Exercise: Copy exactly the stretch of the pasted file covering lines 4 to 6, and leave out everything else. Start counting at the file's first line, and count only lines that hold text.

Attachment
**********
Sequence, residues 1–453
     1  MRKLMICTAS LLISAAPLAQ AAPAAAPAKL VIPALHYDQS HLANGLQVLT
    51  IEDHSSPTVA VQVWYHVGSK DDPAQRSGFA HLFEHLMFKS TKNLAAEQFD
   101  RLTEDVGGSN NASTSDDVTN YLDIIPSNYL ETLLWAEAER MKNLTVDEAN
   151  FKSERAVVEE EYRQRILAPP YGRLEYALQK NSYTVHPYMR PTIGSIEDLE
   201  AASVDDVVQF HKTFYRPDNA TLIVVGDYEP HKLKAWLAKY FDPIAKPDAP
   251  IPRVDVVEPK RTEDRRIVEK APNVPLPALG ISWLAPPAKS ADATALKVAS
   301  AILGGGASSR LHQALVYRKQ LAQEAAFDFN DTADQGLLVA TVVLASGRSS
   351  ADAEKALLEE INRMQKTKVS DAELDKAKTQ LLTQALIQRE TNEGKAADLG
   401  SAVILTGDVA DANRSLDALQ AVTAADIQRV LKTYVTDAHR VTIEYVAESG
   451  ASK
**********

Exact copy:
   101  RLTEDVGGSN NASTSDDVTN YLDIIPSNYL ETLLWAEAER MKNLTVDEAN
   151  FKSERAVVEE EYRQRILAPP YGRLEYALQK NSYTVHPYMR PTIGSIEDLE
   201  AASVDDVVQF HKTFYRPDNA TLIVVGDYEP HKLKAWLAKY FDPIAKPDAP